Saturday, 19 December 2015

Revealed: The Psychology of Social Sharing

What Inspires Others to Share Our Content?

Social Sharing

Whether you’re about to ramp up your inbound marketing tactics, or you’re already deep in the thick of your content strategy, you probably know the value of users sharing the content that you produce and promote. Shared content is one of the best ways to increase brand awareness and customer engagement, but is there a science behind what drives people to share online?
We recently wrote about the types of content that people love to share and types of viral content, but we mostly discussed why the formats themselves lend easily to sharing. We didn’t really dive deeply into the psychology of sharing and why people choose to interact with one piece of content over another.

It seems like a tricky subject to understand. The consumer landscape is constantly changing and growing, with buyers and online readers being fickle and diverse. But when we start to understand the psychology behind social shares and what drives people to interact, then we can better create the content that people do want to share with others.

Why do we share?

To put it simply, we, as members of online communities, share posts because we want others to see them.
We want others to see posts for several different reasons, but in large part because those specific pieces of content create reactions within us, and we’re hoping for it to instill the same reaction in others.
We share posts that are especially positive, funny, uplifting, relatable, inspirational, give us hope, or excite us.
This can be the reason tone and language are so important for written content. Negative, derogatory, or bitter attitudes in writing do of course get shares, but often for the wrong reasons.
To avoid creating content that becomes the fodder for the next big meme or subject of internet ridicule (or simply gets passed over), consider the emotions that people will feel when reading or looking at your content. More importantly, is to determine if that emotion is one that people want to help affect in their own friends and followers.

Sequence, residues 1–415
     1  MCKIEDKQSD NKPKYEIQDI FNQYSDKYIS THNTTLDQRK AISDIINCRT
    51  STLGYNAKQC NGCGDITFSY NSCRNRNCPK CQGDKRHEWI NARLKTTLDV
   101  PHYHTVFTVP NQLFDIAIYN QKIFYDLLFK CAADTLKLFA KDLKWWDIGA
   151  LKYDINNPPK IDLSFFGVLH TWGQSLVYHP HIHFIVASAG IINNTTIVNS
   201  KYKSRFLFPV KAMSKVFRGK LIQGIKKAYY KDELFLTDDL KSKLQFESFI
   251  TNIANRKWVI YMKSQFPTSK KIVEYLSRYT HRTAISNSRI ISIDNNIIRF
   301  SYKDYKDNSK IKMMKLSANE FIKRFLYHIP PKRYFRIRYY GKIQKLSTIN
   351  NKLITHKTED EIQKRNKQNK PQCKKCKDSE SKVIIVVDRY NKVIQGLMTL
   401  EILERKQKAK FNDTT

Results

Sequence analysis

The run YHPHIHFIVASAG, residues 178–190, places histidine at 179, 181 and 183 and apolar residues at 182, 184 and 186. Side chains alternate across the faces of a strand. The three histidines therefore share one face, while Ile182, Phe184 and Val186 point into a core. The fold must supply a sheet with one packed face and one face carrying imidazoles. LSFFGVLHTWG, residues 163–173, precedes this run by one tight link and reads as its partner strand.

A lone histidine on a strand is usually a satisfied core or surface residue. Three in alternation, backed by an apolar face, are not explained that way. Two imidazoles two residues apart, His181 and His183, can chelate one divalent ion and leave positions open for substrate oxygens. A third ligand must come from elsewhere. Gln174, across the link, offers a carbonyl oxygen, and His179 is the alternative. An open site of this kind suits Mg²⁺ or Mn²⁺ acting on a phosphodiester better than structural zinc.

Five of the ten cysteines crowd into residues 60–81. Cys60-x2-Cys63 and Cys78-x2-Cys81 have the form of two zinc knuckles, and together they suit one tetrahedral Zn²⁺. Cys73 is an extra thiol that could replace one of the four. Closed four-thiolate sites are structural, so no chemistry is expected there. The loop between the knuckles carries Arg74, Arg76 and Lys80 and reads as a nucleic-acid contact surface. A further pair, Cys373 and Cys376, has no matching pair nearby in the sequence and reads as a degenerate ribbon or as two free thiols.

You want your content to make readers feel good or respond positively. Even when creating a ‘negative’ piece of content, like ’10 mistakes you are making about X,’ the tone and language itself can be positive in its helpful information and support of progress. Instead of scolding a reader who may be making one of the ‘mistakes’ that you outline, try instead to utilize humor, or tell a story in which the reader can relate to.

We share to give insight into our own lives.

People also share content to give others insight on their personal thoughts,feelings, and opinions. This acts as a way for people to give a better sense of who they are as individuals.
When we create content that shows our brands’ personality, when we give writing a conversational voice, and when we use that voice to not only provide information, but give unique opinions, then we create more compelling content.
If our content helps a person form their own opinion, or make more informed decisions, they can feel motivated to share that content so that others may have a similar benefit.
People tend to bond together over like opinions and sentiments. Shared content makes for an easy way to engage within a community that possesses similar views, or seek out connections with those who are like-minded.
Say you want to create an infographic about what you consider to be the ‘worst’ types of marketers. It’s a chance to not only be funny, entertaining, self-deprecating, or showcasing your opinion, but you create something that can be relatable to others. Fun or opinionated types of content can make others say ‘I’ve experienced that,’ ‘that’s so true!’ or ‘I totally agree’ which are all compelling reasons to share with others.
Even if there are audience members who don’t agree with the opinions in your content, there are still emotions and responses that are evoked, which shouldn’t be discounted. The greatest thing about discussion and sharing is that many different viewpoints make the experience more whole and valid. Negative comments or disagreements to your content can open up opportunities to respond and interact with all parts of your audience, or further prove to your supporters of your convictions and values. When consumers identify people or businesses who have opinions which they respect and relate to, they also are more regularly interested in the content that that person or business produces or shares.